As I read your response, I was quite a amazed that you prescribed separation or termination of the marriage as an alternative. The legal literature/case studies suggest the notion (Whatever is in the best interest of children). I believe that lawyers don't know what is in the best interest of children. and some mental health professionals have lost their subjectivity in this regard as well. Thus. I feel compelled to offer a cold hard fact. The divorce rate in this country is extremely high (the trend for over many decades). As a result, the family unit has suffered. As a deeper consequence, the children tend encounter greater anguish. here is a bit of antidotal or qualitative information. Children from divorced parent who attend school exhibit greater academic difficulties in comparison to children from intact homes. Some literature supports this proposition. As an trained educator, I have witnessed the impact of divorce on children first hand. Not only academic but behavioral issues tend to dominate a significant number of children from "broken homes". Furthermore, children from female head of households families tend to encounter even more difficulties in relation to school.

    Nonetheless, I agree with the premise that counseling is required in this case. But there should be a strong caution about divorce. There are mediating variables such as economic factors that can inadvertently harm the children's future more so than any other factor. also the socialization aspect of the availability of two parents. Even though mental abuse is a serious concern, not having a father to guild the children would be far worst then an attack on one's self esteem.

    To close, I recall my fifth grade social studies teacher teaching my class a lesson on Primary and secondary needs for survival. I told the teacher (in 1976) that money was a primary need because nothing was for free in this country. She argued this point by using author of the text. In 1976 all fifth graders knew that if it was in the textbook, it must be true. Indeed she exclaimed, money is a secondary need. For the test I had to agree. but I knew better. The point, if one were to look at the number of children who dwell in poverty (in 2010)-especially in this era of reduced medical benefits, a reduction of social programs, and the current political climate., money becomes a primary need. Furthermore, I venture to say that the lack of money is always a deal breaker in some instances. Tell the banker that you have an esteem problem therefore, i can't pay my mortgage. You get the point.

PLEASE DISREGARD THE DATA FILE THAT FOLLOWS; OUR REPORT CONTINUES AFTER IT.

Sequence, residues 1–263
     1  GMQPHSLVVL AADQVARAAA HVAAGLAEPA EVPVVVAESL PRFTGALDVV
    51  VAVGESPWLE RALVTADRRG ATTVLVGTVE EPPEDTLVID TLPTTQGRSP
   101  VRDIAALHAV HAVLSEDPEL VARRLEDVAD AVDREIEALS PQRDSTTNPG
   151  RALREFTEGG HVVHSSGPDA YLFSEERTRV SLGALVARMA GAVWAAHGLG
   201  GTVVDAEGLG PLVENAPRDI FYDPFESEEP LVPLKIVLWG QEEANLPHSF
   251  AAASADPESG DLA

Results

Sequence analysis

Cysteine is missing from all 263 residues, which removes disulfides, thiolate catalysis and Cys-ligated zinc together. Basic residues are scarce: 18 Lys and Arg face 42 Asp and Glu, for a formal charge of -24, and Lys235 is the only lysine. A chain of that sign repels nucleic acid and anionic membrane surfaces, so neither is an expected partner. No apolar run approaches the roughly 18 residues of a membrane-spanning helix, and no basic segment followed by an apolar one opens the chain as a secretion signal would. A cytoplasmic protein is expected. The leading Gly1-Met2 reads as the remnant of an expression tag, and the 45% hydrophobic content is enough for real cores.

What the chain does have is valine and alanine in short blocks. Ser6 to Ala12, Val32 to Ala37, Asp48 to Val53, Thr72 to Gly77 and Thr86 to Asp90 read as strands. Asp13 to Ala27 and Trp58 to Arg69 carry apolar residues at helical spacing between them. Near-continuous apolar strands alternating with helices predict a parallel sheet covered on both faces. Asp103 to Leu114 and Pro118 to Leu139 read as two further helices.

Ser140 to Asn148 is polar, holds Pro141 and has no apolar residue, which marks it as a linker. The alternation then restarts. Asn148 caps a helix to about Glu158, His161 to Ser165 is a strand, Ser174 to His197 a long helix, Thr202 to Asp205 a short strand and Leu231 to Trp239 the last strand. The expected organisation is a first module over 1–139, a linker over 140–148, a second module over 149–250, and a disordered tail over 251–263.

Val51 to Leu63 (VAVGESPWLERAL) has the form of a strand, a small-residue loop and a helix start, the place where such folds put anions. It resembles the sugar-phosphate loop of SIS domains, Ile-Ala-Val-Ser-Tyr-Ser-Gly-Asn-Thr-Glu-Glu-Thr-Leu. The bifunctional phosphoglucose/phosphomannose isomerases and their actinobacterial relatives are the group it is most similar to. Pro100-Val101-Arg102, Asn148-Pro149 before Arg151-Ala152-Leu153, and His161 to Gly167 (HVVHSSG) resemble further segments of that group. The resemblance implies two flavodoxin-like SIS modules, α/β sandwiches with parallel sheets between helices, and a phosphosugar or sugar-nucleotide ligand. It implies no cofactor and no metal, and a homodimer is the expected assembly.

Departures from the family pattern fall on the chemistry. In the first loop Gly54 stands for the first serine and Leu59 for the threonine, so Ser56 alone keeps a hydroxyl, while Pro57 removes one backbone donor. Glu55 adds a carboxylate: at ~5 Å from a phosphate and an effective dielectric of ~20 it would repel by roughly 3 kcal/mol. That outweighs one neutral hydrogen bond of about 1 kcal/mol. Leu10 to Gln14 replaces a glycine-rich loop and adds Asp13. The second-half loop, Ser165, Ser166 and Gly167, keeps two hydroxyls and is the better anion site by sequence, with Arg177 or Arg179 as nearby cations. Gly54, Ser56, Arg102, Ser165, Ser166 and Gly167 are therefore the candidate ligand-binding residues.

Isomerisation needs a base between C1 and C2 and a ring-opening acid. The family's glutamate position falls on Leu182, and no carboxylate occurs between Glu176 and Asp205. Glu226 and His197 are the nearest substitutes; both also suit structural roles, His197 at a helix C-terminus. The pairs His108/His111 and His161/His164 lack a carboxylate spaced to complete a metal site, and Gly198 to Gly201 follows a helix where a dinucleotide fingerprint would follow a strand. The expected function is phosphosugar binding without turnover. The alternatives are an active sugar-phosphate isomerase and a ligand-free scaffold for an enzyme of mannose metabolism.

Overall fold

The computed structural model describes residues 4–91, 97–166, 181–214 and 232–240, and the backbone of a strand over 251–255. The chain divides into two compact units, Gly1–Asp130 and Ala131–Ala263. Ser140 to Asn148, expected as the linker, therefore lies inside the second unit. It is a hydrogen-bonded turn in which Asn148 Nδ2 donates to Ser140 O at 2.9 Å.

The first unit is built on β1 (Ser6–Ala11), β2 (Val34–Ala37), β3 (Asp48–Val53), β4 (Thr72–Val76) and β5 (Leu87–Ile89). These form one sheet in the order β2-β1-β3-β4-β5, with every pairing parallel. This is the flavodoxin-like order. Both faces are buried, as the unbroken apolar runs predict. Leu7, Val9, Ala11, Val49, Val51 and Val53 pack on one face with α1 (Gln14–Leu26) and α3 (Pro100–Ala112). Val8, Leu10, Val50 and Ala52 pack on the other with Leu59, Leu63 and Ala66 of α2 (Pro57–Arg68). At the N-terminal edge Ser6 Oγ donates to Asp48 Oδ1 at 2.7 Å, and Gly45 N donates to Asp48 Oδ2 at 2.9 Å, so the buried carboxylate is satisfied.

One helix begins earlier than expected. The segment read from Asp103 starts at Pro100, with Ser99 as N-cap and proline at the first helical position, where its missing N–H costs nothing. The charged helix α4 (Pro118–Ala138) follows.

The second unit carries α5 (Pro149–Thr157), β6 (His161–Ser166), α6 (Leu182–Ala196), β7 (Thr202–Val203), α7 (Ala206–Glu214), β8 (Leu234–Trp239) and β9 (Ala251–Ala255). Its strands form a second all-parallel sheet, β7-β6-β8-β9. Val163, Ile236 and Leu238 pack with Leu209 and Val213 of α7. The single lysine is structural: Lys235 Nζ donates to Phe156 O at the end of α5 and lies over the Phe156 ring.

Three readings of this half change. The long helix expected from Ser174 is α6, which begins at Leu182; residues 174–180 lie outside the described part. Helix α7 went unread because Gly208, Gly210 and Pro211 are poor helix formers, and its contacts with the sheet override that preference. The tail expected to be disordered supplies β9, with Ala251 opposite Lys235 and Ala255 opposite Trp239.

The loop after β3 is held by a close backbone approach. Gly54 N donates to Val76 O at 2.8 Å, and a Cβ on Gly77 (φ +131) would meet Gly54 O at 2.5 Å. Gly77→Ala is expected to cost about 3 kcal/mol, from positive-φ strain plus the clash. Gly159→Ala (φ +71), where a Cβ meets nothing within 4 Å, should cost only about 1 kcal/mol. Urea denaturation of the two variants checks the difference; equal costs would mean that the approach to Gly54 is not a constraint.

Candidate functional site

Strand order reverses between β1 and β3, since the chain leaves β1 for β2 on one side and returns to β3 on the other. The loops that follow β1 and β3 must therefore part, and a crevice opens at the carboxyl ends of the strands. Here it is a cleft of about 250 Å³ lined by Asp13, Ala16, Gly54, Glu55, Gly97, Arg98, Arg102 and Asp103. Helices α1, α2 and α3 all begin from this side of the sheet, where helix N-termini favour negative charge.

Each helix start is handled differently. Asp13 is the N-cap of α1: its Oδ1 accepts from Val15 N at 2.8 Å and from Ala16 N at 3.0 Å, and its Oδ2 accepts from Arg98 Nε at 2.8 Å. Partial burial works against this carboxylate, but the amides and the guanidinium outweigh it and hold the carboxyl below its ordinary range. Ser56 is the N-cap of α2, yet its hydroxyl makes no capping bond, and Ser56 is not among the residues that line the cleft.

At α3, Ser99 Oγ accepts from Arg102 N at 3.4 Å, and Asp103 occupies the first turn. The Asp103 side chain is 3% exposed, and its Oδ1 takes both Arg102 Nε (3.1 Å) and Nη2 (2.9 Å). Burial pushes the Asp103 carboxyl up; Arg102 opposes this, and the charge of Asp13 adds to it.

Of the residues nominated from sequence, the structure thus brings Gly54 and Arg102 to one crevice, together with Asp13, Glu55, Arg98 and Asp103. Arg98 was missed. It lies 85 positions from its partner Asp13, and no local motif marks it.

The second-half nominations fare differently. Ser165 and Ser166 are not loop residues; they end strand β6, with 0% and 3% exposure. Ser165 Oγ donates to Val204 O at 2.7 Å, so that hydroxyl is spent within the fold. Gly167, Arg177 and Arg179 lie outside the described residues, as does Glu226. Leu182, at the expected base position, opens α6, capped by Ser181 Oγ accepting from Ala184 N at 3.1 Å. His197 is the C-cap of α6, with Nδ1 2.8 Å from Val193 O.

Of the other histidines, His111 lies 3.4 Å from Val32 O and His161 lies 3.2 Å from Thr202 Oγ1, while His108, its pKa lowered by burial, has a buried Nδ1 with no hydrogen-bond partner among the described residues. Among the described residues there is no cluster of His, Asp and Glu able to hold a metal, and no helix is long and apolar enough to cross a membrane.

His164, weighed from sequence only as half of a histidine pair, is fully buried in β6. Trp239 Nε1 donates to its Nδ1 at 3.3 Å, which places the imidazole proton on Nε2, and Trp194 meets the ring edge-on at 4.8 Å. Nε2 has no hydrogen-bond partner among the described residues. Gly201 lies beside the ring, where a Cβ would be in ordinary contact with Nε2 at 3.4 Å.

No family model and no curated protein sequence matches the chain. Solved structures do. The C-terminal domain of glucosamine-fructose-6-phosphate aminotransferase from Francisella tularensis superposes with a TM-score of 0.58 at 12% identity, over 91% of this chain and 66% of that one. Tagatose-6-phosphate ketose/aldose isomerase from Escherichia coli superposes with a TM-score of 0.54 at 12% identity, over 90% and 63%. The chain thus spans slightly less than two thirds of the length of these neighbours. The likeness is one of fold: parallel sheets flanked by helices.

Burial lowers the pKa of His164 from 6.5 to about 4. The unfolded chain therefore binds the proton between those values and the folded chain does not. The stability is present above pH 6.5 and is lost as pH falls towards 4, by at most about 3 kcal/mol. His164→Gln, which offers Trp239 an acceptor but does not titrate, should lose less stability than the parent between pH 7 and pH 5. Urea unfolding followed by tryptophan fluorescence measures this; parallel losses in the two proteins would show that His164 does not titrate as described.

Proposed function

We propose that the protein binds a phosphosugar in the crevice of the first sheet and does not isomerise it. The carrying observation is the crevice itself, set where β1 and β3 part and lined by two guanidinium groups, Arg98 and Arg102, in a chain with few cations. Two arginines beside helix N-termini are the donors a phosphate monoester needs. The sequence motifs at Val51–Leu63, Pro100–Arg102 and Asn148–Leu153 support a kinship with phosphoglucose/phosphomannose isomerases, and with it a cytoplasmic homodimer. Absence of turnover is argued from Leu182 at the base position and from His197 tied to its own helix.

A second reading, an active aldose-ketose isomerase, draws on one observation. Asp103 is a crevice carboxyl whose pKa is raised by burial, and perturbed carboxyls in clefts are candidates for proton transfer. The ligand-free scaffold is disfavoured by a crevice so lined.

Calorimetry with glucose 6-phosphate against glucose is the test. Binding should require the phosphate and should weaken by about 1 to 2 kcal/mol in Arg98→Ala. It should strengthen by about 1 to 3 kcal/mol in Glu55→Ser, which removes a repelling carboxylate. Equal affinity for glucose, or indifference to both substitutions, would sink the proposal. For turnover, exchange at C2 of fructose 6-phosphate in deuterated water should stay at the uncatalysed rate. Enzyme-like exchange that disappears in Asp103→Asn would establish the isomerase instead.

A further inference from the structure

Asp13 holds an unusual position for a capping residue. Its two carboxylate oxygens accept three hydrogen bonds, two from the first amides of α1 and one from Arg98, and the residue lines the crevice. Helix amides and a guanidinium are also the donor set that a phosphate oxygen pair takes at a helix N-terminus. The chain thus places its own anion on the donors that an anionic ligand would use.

So, Doc, please think of the children's future before you give the advise. . Maybe you should used the following disclaimer

    "Divorce should be considered similar to amputation of a limb. Yes the body can survive, but the person will be considered functional but disabled. "

    (please forgive the misspellings and poor use of grammar)

    Just an insight.

  • Anonymous-2

    Naturally whoever wrote the comeback about not divorcing is either a christian or has never been in an emotional abused relationship or with a controlling spouse.. Think about the children living in the hell there mother is living in...as in my opinion the children will all either end up controlling there own spouse when they become adults or be with a controlling spouse.

  • Anonymous-3

    I simply cannot believe what I just read: whoever wrote on Feb 10, 2010 is either a helpless spinster or an alien! Who in the world would be such an advocate of marriage even is a bad one were people get depressed and humiliated? What is wrong with you? Don't you see that even though marriage can be the foundation of a family and ergo society, a bad one can be more damaging than breaking apart (with its consequences). Think that what works for you does NOT necessarily works for everybody else and that there are many ways to live a life even if you disagree with it.